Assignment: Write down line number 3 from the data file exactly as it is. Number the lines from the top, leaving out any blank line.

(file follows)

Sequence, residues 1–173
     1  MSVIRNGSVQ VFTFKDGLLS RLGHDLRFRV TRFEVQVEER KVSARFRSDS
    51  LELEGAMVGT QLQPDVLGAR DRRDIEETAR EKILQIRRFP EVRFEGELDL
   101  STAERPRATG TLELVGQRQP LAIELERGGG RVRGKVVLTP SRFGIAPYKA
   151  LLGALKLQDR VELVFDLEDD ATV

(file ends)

    51  LELEGAMVGT QLQPDVLGAR DRRDIEETAR EKILQIRRFP EVRFEGELDL